The real challenge, I think, was to realize that they couldn’t do it alone. As travellers, isn’t that always true? Now matter how “independent” or “self-sufficient” we think we are as we travel around the world — or as we travel through life — we shouldn’t forget that our survival each day depends on the cooperation, mutual aid, and often hard, physical labor of the people who make the objects and provide the services that we use. In our daily lives at home, it can be easy to overlook those people. On the road our dependence on the gift of hospitality hits us in the face at every step. Without help (paid or unpaid) from local people, we don’t know how to meet our basic human needs: how to find food or a toilet, get from place to place, use basic tools that are designed differently in our homeland. It’s a lesson worth remembering after we’re back home, when “globalization” or “interdependence” can seem abstract or far away. The gift of hospitality can be transforming. As Teri said, “When I’ve thought of Vietnam in the past, I’ve thought about only war. Now, when I think back on it, I think back on a wonderful society, a place that’s really growing and coming into their own.”

Once again in this third season, “The Amazing Race” finished short of a trip entirely around the world. As far short, in fact, as would be possible within the lower 48 contiguous states of the continental USA. From Seattle, where the race ended in this week’s broadcast, back to Miami, where it began, is the longest regularly scheduled nonstop flight in the lower 48, and would have added more than 5000 kilometers (3000 miles) to the length of the race.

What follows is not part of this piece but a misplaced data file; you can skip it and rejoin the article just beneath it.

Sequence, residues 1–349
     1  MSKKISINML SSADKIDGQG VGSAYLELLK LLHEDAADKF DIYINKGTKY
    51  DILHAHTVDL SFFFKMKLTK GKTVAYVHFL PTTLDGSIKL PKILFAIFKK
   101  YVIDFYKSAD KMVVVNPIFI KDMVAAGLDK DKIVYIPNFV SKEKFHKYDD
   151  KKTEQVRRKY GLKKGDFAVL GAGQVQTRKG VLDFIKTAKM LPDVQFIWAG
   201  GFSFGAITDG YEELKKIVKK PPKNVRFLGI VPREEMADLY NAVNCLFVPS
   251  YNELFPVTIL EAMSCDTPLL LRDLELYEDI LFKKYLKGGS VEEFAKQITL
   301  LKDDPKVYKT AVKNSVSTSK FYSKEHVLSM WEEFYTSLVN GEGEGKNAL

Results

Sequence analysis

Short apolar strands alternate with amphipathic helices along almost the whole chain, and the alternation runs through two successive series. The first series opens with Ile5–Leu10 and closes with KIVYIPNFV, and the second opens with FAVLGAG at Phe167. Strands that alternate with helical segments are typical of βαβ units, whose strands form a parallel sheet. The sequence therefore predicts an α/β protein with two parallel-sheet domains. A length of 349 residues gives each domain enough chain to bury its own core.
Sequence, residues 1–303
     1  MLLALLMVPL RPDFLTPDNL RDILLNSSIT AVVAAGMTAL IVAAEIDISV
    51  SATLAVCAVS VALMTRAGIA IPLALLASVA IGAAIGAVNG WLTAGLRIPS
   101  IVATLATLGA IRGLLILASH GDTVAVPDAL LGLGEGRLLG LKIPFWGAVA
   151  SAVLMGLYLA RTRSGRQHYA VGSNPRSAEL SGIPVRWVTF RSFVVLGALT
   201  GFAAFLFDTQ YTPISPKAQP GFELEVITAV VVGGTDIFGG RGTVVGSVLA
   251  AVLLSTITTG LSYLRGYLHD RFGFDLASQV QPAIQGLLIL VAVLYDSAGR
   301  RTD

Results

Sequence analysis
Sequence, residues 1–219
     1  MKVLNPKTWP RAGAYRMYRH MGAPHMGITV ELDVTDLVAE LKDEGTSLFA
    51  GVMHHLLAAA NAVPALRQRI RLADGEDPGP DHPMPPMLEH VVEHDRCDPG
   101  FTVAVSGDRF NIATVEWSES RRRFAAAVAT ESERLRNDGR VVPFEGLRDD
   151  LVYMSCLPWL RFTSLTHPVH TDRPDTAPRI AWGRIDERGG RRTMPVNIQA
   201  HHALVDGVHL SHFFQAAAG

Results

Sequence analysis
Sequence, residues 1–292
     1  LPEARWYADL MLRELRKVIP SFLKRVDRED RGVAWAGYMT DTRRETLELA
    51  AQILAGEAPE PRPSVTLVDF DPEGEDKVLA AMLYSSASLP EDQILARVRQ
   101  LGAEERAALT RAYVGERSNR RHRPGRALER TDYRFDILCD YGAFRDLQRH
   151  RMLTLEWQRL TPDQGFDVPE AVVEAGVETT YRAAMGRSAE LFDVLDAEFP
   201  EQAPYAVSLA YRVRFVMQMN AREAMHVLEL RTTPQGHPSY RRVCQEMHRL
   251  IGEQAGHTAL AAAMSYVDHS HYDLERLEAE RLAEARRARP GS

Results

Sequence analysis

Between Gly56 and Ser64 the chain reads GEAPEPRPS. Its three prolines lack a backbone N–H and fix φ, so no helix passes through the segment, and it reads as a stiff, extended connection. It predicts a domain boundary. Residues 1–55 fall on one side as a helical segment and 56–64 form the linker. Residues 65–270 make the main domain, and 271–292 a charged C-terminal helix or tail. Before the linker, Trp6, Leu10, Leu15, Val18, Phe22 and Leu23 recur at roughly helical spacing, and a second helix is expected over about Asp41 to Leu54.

But that’s OK, and actually quite typical. If your fantasy of a trip around the world has been shaped by the restrictive rules of the around-the-world (RTW) tickets offered by airline alliances, it’s natural to assume that you have to start and end in the same place, or at least that you have to buy tickets entirely around the world, even if you aren’t going quite that far within the year’s maximum validity of airline tickets. But relatively few around-the-world travellers find that their needs are best met by these restrictive single-ticket airline and alliance RTW fares. The majority of “around-the-world” tickets sold by RTW specialists like are multistop one-way ticket packages that end somewhere other than where they began.